Air Defense: Aegis Comes Ashore


July 18, 2008: Israel has been so impressed by the U.S. Navy's Aegis anti-missile system, that it wants to buy and install one to help defend Israel from Iranian and Syrian missiles.

So far, the Aegis system has knocked down nearly 90 percent of the missiles fired towards it. This includes shooting down a low flying space satellite. The Aegis system consists of a modified version of the Standard anti-aircraft missile and the Aegis radar system, that shoots down ballistic missiles. This system, the RIM-161A, also known as the Standard Missile 3 (or SM-3), has a range of over 500 kilometers and max altitude of over 160 kilometers. The Standard 3 is based on the failed anti-missile version of the Standard 2, and costs over three million dollars each. The Standard 3 has four stages. The first two stages boost the interceptor out of the atmosphere. The third stage fires twice to boost the interceptor farther beyond the earth's atmosphere. Prior to each motor firing it takes a GPS reading to correct course for approaching the target. The fourth stage is the 20 pound LEAP kill vehicle, which uses infrared sensors to close on the target and ram it. The Aegis system was designed to operate aboard warships (cruisers and destroyers that have been equipped with the special software that enables the AEGIS radar system to detect and track incoming ballistic missiles).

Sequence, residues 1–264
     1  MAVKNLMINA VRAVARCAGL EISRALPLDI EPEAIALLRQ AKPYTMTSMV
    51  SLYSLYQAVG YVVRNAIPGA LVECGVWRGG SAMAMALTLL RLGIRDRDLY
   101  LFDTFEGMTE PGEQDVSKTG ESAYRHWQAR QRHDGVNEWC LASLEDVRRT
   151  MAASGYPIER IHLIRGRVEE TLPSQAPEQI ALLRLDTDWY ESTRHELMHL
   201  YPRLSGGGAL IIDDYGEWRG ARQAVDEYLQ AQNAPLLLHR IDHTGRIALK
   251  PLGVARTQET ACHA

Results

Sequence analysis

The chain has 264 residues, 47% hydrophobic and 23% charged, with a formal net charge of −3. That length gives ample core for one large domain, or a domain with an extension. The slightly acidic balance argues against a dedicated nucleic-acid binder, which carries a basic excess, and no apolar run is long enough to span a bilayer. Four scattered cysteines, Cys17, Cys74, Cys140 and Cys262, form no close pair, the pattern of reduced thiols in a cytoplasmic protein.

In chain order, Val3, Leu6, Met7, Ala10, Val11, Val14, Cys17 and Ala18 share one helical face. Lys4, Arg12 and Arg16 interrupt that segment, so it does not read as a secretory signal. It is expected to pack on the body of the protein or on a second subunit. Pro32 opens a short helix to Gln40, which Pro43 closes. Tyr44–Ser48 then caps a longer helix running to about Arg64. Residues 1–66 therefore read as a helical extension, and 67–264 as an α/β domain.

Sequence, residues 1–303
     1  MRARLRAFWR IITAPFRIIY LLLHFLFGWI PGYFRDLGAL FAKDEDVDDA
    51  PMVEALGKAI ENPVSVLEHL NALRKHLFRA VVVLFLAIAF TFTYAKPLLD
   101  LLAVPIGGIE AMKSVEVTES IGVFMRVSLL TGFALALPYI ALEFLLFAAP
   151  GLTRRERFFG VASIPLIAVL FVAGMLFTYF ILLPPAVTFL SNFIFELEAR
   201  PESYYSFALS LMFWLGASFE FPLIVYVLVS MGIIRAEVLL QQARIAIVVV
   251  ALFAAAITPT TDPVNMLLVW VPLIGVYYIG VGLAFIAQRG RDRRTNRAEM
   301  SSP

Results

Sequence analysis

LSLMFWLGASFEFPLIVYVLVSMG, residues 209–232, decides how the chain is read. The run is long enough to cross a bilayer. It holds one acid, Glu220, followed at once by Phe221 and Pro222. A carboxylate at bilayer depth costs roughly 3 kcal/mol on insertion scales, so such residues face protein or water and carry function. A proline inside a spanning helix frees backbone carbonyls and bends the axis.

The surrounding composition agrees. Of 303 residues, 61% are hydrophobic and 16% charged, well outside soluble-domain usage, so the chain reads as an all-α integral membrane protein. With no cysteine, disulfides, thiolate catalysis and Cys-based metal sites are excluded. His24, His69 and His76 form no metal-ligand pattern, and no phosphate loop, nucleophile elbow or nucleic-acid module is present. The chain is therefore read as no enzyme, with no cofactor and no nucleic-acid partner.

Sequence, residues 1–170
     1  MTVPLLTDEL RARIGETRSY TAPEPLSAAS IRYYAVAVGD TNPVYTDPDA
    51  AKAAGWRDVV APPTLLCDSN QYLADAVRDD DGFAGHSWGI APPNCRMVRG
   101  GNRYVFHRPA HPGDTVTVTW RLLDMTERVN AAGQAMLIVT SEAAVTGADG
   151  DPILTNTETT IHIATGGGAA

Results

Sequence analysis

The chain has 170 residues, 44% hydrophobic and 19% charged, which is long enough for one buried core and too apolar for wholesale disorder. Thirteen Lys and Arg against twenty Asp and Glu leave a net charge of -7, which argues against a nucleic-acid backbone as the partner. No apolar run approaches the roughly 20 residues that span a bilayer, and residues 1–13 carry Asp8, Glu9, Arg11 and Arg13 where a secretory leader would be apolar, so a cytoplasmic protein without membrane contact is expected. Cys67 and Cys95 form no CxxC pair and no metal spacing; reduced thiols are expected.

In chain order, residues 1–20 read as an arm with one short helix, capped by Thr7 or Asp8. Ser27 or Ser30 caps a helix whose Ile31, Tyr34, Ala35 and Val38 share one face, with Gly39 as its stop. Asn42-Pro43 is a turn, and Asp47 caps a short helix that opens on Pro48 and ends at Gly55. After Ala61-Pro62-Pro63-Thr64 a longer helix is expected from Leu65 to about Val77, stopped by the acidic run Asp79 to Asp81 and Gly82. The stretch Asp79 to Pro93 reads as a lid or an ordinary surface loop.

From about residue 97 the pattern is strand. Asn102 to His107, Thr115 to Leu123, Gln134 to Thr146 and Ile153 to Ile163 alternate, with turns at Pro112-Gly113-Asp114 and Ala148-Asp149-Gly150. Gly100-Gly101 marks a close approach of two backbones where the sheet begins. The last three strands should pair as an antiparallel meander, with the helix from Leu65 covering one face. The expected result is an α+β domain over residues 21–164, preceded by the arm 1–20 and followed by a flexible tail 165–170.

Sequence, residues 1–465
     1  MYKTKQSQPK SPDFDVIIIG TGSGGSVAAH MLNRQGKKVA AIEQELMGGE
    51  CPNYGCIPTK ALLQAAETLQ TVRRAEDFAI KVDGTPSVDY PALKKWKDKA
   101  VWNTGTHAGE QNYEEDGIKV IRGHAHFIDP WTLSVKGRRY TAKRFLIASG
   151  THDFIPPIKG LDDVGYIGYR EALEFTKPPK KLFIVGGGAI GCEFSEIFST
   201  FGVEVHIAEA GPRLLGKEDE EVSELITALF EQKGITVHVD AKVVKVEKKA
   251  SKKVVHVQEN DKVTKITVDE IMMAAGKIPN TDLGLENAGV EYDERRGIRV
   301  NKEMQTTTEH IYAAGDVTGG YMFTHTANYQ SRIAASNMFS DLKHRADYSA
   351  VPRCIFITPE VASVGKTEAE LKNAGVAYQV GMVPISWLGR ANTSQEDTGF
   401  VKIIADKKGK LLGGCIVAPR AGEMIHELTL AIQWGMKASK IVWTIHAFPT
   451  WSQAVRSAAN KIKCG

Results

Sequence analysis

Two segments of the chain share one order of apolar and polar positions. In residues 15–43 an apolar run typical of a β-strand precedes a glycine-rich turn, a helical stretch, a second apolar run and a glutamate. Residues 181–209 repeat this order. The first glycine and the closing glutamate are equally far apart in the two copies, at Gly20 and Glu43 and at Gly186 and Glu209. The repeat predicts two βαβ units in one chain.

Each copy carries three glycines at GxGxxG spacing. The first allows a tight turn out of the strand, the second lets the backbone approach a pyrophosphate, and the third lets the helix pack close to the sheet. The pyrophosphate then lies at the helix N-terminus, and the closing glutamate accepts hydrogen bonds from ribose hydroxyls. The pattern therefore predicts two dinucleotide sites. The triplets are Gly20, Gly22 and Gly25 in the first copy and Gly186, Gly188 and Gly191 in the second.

By the end of the year, the U.S. Navy will have 18 ships equipped with the Aegis anti-missile system. Japan also has four Aegis warships being equipped with this anti-missile capability. Other nations are equipping some of their ships with Aegis.

It's unclear how quickly an Aegis anti-missile could be set up in Israel. There's no reason the Aegis system could not be operated from a land installation. Aegis was designed to operate in the harsh conditions (both tropic and arctic) normally encountered at sea, so operating on land is not a problem. Cost is another matter. Getting Aegis ashore quickly, in a year or so, would cost about a billion dollars. The manufacturers (Lockheed Martin for the radar and Raytheon, which also makes the Patriot, for the missiles) would certainly be eager to open up this new market. There are many nations seeking reliable protection from hostile neighbors armed with ballistic missiles.




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